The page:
Tuesday, December 10, 2013
By Ray Routhier email@example.com
(Continued from page 1)
Sarah Rabinowitz, top, and Sydney Pearl, sixth-graders at Falmouth Middle School, are heavily into the mustache craze and say they regularly wear fake staches to school. They own T-shirts, magnets, wallets, duct tape and other items with a mustache theme.
Gabe Souza/Staff Photographer
Rachel McDonald, public relations intern at the Portland Museum of Art, left, and Glenda McKertich and Matthew Lorello, both visitor experience associates, ham it up around the Winslow Homer souvenirs display while wearing mustaches similar to those of the Maine artist.
Gordon Chibroski/Staff Photographer
MUSTACHES AT THE MUSEUM
A wide variety of mustache merchandise -- some designed by Might & Main -- is being sold in the Portland Museum of Art gift shop in connection with an exhibit of work by the famous mustachioed artist Winslow Homer and the reopening of Homer's studio on Prouts Neck to public tours. Images of the products are online.
Homer Hat and 'Stache Onesie: Silkscreened onesie, printed here in Portland.
Designed for the PMA by Might & Main. $22
Winslow Homer Nodder (aka Bobblehead): Designed for the PMA by Might & Main.
Homer Hat and 'Stache Stainless Steel Bookmark: Made in the USA by Pink
Tank. Designed for the PMA by Might & Main. $12.95
Winslow's Whiskers: Designed for the PMA by Might & Main. $3.95
Mustache Eraser: produced by Kikkerland. $1
Images of mustaches appear as style elements today on everything from jewelry and gift wrap to drink stirrers and bandages. Here’s some of the stache stuff sold at Cool As a Moose stores in Portland, Freeport, Brunswick and Bar Harbor:
Stylish mustaches, $9.99
Mustache candy, $5.99
Mustache bandages, $5.99
Mustache ornament, $6.99
Mustache ice cube tray, $12.99
Mustache and monocle bamboo bag, $9.99
Mustache gift wrap, $4.99
Mustache lollipops, $4.99
Car/fridge mustache magnet, $14.99
Gauer said such trends usually start on the West Coast. Cool As a Moose uses two major suppliers in Washington state, Gauer said, so its buyers were able to "jump on" the trend when they saw it.
In Portland, the popularity of mustaches and mustache merchandise is linked to a four-year-old event called Stache Pag, held at a different Portland night spot each year.
The event is a pageant in which wearers of actual mustaches compete against each other in categories such as "The Magnum P.I.," with proceeds going to charity. (The "Magnum P.I.", for those of you under 40, is a reference to a 1980s crime-drama TV show that made Tom Selleck the star he is today.)
The mustache merchandise trend has surfaced in some interesting ways around southern Maine, beginning in August when the super-hip rock band Mumford & Sons played a day-long festival on Portland's Eastern Promenade, drawing more than 15,000 people.
A mustachioed gentleman in a top hat was being used as a logo for the British band's "Gentlemen of the Road" tour, so local promoters used mustaches all over the concert site -- on signs, on stickers, on tickets, wherever they could put them.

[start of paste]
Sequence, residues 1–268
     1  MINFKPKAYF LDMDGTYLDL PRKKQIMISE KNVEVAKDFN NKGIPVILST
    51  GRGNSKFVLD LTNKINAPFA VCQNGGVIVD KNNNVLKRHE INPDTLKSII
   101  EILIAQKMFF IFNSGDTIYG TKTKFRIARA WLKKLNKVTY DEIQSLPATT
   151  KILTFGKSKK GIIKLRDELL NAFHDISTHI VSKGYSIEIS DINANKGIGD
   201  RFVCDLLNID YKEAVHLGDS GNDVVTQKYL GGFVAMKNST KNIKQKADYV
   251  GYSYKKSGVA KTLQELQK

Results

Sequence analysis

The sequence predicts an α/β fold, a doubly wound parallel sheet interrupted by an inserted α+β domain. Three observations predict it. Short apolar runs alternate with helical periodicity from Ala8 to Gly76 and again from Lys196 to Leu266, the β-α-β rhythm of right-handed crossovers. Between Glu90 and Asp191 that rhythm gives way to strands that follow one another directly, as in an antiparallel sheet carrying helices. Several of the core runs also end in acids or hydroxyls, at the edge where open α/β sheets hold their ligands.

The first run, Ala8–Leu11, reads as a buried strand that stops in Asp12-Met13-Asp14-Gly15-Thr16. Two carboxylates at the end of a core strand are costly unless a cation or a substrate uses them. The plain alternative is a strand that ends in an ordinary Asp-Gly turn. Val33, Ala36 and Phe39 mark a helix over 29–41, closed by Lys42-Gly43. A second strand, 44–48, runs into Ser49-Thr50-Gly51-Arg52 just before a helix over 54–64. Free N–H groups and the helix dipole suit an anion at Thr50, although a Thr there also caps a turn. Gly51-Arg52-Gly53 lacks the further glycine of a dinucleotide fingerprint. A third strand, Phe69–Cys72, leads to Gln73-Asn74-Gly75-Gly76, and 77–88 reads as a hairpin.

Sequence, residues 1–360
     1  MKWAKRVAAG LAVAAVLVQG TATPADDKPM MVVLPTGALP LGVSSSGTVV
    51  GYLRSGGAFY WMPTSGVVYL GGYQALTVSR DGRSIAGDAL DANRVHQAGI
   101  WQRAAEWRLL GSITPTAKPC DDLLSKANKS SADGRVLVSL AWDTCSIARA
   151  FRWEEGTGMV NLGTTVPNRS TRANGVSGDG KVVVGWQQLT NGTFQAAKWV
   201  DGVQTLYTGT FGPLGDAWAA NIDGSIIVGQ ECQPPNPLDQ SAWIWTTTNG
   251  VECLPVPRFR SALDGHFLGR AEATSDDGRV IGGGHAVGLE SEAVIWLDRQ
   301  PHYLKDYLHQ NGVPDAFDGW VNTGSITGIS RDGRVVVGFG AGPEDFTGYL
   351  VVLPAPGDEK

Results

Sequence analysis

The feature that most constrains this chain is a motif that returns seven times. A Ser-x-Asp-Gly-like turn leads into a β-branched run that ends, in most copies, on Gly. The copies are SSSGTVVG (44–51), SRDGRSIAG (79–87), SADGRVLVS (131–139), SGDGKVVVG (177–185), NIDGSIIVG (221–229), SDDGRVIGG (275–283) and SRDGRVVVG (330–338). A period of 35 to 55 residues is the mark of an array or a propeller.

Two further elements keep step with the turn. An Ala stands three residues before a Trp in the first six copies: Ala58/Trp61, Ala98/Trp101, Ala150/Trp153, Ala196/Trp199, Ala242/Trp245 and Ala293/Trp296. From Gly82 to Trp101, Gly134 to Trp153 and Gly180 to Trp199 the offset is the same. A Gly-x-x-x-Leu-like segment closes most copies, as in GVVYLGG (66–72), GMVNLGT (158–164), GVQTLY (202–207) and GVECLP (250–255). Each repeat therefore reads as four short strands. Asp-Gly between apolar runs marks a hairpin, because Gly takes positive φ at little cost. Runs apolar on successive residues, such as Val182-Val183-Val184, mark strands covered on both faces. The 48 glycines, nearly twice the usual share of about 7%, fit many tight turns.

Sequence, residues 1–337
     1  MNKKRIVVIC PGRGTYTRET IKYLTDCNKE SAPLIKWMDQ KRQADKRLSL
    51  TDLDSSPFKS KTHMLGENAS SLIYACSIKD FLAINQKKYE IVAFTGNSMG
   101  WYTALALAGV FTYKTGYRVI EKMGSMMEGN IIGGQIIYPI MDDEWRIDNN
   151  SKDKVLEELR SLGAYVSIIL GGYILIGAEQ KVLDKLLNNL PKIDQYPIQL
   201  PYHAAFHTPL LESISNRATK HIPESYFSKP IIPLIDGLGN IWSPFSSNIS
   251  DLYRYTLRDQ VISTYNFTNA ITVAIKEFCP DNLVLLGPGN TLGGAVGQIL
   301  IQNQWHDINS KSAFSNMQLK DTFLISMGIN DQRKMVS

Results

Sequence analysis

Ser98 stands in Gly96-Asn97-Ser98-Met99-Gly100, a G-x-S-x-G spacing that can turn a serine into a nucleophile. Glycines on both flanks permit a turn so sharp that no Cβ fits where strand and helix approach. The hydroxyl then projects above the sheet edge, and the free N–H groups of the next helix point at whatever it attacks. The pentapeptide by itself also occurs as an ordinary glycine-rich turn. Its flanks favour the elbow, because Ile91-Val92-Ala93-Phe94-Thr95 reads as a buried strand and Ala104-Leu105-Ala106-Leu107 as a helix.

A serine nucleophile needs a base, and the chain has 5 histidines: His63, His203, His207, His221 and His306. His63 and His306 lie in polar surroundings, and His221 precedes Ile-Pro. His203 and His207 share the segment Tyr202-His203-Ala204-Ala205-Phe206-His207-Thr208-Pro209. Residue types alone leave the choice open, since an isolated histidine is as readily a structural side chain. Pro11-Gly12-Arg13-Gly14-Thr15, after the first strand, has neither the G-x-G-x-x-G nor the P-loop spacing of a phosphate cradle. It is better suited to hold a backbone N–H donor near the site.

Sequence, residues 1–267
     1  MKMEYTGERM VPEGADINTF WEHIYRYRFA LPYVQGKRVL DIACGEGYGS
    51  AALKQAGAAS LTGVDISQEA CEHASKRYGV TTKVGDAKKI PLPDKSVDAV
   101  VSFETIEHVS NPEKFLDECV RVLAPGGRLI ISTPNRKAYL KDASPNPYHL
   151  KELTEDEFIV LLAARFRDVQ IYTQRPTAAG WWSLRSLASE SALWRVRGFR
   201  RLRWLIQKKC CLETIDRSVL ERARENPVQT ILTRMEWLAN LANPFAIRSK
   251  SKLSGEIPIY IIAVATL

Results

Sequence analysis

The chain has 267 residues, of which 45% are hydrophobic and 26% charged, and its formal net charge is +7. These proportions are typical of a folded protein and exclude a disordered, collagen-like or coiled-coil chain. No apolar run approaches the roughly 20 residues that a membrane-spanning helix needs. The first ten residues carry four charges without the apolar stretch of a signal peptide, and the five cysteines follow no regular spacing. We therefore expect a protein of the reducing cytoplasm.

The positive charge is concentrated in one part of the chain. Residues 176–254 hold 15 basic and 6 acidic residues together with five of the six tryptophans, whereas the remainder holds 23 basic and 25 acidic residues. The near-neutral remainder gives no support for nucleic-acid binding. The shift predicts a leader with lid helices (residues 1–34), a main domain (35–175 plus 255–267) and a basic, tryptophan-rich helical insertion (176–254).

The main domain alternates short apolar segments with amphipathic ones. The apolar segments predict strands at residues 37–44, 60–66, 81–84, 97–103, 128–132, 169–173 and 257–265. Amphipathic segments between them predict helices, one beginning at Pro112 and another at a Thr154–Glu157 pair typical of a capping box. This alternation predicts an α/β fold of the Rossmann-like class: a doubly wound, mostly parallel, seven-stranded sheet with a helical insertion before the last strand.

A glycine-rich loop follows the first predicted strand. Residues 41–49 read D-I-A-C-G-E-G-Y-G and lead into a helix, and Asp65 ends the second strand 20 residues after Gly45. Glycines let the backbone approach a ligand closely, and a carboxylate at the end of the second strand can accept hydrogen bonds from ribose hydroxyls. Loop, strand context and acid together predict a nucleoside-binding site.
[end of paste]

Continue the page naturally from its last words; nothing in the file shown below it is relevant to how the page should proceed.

Later in August, at the annual Picnic Music + Arts Fair in Portland's Lincoln Park, many local craftspeople showed up with mustache creations of their own. Sean Wilkinson, a graphic designer and an organizer of the fair, remembers seeing mustache pillows and a wooden car shaped like a mustache.
Wilkinson thinks the mustache trends -- both real ones and merchandise -- are influenced by the eternal cycle of things becoming cool because they are not cool, only to become not cool again once they become too cool.
"Mustaches are one of those hipster trends that starts because it's not cool. So when it becomes cool, the hipsters will rebel against it," said Wilkinson.
Thank goodness, then, for 11-year-old girls, who aren't under the same pressure as hipsters to seek out things that are not cool.
Neither are art lovers, who have been gobbling up mustache items at the Portland Museum of Art this fall. A wide variety of mustache merchandise -- some designed by Wilkinson's company, Might & Main -- is being sold in the museum gift shop in connection with an exhibit of work by the famous mustachioed artist Winslow Homer and the reopening of Homer's studio on Prouts Neck to public tours.
A sampling of the stache stuff at the museum: Homer Hat and 'Stache Coaster Set, $5.95; Homer Hat and 'Stache Onesie, $22; and Winslow's Whiskers (fake stache), $3.95.
Museum officials say they were at least slightly influenced by the national mustache merchandise craze to come up with all those funny products connected to Homer, whose work is taken very seriously by art critics and fans alike. Homer did, after all, rock a pretty sizable stache.
But even if you don't know your Homers from your Van Goghs, it's easy for most folks to spot a fun, slightly weird trend. And mustache merchandise has always been a favorite with kids. Think about fake mustaches and all the fun kids have had with them over the years.
"Fake mustaches are always fun. I had them when I was a kid, so I'd say they're here to stay," said Wilkinson, who's 34. "You put on a fake mustache, and suddenly you're Magnum, P.I."
Staff Writer Ray Routhier can be contacted at 791-6454 or at:
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